#2812 – 1994 29c Edward R. Murrow

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- MM50250 Vertical Mounts, Black, Split-back, Pre-cut, 30 x 45 millimeters (1-3/16 x 1-3/4 inches)
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U.S. #2812
29¢ Edward R. Murrow

Issue Date: January 21, 1994
City: Pullman, WA
Quantity: 150,500,000
Printed By: Ashton-Potter
Printing Method:
Lithographed
Perforations:
11.2
Color: Brown
 
Perhaps one of the best-known radio and television reporters, Edward R. Murrow (1908-65) became the first broadcast journalist to be honored on a stamp. A graduate of Washington State University, he joined Columbia Broadcasting System (CBS) in 1937 as its European director.
 
Covering the German occupation of Austria beginning in 1938, the Munich Conference (1938), and the takeover of Czechoslovakia (1939), he won recognition for his crisp, accurate reporting. During World War II Murrow gained fame for his on-the-scene reports describing German bombings of London as well as other major developments in Great Britain.
 
Following the war, Murrow returned to broadcasting with a weeknight newscast. In 1951 he began a new style of TV newscasting with his program See It Now.   Based on the popular radio show called Hear It Now, this weekly documentary series brought the American public face-to-face with some of the most critical moments in contemporary U.S. history. From 1953-59 he also narrated the TV program Person to Person, featuring interviews with famous people in their homes.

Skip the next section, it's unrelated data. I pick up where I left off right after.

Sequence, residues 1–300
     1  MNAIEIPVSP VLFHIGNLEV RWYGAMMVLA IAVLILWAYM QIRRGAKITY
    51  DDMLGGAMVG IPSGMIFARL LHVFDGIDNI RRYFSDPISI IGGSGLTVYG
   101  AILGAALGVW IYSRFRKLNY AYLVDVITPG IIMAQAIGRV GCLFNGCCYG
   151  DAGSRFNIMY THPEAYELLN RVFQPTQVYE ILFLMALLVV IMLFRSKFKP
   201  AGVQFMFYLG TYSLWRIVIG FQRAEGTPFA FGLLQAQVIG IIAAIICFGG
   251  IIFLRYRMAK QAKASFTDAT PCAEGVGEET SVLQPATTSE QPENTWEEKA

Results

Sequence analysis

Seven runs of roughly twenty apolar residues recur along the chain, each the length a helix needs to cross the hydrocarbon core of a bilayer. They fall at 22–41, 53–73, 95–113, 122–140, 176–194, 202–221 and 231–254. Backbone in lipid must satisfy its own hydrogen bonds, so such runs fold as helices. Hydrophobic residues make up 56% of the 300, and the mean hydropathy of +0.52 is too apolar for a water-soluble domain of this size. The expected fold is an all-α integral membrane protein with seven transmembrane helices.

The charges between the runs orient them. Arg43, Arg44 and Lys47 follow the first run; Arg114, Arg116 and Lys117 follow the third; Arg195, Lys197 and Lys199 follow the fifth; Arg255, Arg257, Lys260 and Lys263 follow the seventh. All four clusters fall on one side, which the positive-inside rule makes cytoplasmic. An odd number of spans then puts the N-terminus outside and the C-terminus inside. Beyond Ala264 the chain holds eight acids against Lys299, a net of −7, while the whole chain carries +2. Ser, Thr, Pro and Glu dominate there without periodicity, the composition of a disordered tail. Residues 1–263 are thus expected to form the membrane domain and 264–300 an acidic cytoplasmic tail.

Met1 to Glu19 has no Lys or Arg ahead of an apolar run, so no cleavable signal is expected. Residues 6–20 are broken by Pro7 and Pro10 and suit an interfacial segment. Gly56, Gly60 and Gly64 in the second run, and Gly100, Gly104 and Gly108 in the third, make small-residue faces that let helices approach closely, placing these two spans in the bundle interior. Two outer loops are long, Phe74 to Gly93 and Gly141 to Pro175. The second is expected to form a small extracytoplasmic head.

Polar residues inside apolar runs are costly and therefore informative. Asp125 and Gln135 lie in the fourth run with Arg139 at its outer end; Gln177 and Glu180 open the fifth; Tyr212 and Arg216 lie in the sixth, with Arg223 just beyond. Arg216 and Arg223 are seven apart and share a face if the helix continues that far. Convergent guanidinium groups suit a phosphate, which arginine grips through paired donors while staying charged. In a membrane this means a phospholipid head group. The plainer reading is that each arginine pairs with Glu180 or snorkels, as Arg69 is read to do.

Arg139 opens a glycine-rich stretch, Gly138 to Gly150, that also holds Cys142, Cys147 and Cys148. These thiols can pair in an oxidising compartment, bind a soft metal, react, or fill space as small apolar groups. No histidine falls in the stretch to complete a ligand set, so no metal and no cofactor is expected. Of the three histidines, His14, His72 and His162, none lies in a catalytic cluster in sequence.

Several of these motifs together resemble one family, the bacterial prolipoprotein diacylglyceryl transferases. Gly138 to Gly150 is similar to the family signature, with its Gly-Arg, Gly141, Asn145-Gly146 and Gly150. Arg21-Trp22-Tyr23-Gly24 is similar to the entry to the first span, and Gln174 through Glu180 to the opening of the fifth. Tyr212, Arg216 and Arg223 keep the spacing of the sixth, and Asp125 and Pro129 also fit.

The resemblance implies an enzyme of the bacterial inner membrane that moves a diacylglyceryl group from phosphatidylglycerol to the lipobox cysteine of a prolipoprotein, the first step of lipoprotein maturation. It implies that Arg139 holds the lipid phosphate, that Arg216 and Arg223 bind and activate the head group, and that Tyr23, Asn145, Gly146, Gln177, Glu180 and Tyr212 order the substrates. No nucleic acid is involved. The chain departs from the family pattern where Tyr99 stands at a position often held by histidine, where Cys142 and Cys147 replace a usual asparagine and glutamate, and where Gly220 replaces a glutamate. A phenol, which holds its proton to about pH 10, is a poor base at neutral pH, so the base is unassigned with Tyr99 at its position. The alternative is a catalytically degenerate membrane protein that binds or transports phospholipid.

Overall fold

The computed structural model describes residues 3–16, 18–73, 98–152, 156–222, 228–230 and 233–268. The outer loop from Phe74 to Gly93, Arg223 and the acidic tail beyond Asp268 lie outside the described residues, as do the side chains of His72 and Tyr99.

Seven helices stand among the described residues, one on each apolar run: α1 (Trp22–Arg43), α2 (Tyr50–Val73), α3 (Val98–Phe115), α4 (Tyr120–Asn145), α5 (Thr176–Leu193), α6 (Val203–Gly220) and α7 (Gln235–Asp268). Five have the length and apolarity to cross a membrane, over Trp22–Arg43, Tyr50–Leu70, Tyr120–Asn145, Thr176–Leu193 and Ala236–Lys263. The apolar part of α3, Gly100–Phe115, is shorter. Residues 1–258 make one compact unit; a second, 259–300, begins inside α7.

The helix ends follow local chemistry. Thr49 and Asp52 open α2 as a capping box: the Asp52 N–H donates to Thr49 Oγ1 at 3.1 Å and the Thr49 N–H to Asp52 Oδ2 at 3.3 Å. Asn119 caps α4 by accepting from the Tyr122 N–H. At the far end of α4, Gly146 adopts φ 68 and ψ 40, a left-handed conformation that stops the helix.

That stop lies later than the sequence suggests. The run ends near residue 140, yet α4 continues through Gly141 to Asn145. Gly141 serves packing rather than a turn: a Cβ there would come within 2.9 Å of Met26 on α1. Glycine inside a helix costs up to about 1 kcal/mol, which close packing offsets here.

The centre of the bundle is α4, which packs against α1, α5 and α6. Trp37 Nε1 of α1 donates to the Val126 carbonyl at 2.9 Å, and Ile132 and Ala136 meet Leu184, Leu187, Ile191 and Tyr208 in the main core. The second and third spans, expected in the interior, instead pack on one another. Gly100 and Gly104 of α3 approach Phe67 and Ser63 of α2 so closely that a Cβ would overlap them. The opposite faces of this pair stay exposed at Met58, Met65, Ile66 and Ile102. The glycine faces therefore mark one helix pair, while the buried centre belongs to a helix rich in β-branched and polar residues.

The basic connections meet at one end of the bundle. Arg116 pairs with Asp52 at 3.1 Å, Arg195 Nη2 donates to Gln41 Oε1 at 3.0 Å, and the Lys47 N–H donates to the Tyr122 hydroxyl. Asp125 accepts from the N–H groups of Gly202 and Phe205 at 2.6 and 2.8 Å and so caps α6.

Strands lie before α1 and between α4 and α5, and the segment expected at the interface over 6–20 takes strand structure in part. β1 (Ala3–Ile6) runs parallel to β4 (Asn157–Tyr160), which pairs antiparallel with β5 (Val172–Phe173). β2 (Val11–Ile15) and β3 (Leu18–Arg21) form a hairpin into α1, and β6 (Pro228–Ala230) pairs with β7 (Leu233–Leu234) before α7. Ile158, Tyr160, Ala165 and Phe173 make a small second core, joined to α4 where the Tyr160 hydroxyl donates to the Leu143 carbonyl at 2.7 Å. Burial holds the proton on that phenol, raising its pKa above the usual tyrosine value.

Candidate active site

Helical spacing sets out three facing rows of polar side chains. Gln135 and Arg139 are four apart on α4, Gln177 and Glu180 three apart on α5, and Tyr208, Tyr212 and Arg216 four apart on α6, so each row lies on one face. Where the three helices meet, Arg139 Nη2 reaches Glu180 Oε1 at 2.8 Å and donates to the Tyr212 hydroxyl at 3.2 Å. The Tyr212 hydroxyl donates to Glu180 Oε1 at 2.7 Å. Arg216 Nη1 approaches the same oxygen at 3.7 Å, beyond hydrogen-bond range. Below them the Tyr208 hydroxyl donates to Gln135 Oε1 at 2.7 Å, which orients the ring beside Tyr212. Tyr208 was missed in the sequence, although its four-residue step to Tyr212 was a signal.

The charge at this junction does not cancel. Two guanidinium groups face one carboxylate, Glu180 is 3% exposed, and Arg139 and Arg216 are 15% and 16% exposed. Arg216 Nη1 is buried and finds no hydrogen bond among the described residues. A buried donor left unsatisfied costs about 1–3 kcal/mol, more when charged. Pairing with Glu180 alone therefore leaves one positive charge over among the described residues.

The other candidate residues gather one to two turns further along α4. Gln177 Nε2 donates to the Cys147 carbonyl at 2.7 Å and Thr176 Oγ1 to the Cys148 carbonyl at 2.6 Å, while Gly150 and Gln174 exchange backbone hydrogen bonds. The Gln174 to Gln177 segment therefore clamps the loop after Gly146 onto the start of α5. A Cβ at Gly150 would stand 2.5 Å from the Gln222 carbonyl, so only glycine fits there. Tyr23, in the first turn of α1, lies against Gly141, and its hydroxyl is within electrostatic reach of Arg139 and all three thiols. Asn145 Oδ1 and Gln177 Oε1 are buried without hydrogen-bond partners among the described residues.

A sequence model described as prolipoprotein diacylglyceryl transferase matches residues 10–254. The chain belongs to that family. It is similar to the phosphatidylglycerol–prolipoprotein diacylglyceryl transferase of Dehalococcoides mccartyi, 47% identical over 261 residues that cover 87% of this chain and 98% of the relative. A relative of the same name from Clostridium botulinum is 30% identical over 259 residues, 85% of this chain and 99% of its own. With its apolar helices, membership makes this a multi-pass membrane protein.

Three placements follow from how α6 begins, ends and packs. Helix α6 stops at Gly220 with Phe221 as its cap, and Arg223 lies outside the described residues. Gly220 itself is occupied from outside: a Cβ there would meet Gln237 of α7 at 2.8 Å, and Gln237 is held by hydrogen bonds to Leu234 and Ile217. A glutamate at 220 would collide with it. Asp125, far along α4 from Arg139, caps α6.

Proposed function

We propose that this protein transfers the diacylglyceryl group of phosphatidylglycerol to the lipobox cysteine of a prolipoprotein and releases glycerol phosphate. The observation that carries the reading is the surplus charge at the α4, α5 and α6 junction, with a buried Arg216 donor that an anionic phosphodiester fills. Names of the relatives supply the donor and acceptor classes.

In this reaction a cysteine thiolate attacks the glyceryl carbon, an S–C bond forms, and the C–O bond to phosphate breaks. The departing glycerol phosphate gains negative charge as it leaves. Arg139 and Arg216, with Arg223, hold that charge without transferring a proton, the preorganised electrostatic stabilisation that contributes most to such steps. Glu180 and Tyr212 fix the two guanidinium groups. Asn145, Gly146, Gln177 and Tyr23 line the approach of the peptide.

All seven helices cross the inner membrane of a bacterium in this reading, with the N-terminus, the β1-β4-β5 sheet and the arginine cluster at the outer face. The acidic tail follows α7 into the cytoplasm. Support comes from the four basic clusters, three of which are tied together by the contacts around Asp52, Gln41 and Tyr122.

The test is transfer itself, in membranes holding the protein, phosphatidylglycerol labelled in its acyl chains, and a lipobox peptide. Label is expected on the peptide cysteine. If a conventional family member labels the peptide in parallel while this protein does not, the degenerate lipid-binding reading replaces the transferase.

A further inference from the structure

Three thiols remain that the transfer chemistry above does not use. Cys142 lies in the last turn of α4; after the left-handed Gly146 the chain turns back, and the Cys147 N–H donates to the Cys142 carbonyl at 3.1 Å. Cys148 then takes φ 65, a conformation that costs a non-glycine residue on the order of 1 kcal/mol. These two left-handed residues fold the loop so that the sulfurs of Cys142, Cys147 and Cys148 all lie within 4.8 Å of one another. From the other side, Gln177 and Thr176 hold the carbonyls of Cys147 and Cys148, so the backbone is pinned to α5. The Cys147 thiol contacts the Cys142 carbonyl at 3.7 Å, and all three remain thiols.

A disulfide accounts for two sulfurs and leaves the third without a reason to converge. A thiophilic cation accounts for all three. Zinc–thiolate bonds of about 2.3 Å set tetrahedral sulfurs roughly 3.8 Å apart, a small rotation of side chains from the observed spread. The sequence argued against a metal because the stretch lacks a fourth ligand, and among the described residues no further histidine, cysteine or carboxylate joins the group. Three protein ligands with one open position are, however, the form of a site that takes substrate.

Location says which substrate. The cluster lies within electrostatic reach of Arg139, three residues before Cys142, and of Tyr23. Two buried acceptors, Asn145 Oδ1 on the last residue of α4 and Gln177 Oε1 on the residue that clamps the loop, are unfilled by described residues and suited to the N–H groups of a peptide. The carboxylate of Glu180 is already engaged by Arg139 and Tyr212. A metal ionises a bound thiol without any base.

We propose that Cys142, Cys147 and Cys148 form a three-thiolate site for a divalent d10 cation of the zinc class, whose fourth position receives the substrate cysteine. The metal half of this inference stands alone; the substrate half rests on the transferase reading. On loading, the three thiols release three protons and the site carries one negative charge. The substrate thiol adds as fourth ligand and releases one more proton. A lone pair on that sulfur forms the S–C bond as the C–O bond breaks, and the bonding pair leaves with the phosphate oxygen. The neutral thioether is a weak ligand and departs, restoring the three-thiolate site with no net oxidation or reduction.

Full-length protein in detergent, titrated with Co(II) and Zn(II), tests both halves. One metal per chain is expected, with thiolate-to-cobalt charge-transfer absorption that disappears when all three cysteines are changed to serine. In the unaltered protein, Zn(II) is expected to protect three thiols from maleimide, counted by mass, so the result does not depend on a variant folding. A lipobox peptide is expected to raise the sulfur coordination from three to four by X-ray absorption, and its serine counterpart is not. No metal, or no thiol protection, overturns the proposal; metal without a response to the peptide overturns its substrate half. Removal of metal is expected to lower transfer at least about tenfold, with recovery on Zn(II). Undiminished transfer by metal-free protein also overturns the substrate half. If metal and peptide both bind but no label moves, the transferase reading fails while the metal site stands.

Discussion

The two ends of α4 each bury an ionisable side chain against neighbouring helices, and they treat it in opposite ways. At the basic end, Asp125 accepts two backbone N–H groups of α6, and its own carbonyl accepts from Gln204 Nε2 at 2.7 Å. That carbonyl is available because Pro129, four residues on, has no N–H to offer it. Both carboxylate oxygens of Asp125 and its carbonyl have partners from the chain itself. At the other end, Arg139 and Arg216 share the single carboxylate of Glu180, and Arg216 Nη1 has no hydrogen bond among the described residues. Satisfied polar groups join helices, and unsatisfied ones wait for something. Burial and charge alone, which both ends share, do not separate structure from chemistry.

In 1961 President John F. Kennedy appointed Murrow director of the U.S. Information Agency.
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U.S. #2812
29¢ Edward R. Murrow

Issue Date: January 21, 1994
City: Pullman, WA
Quantity: 150,500,000
Printed By: Ashton-Potter
Printing Method:
Lithographed
Perforations:
11.2
Color: Brown
 
Perhaps one of the best-known radio and television reporters, Edward R. Murrow (1908-65) became the first broadcast journalist to be honored on a stamp. A graduate of Washington State University, he joined Columbia Broadcasting System (CBS) in 1937 as its European director.
 
Covering the German occupation of Austria beginning in 1938, the Munich Conference (1938), and the takeover of Czechoslovakia (1939), he won recognition for his crisp, accurate reporting. During World War II Murrow gained fame for his on-the-scene reports describing German bombings of London as well as other major developments in Great Britain.
 
Following the war, Murrow returned to broadcasting with a weeknight newscast. In 1951 he began a new style of TV newscasting with his program See It Now.   Based on the popular radio show called Hear It Now, this weekly documentary series brought the American public face-to-face with some of the most critical moments in contemporary U.S. history. From 1953-59 he also narrated the TV program Person to Person, featuring interviews with famous people in their homes.
 
In 1961 President John F. Kennedy appointed Murrow director of the U.S. Information Agency.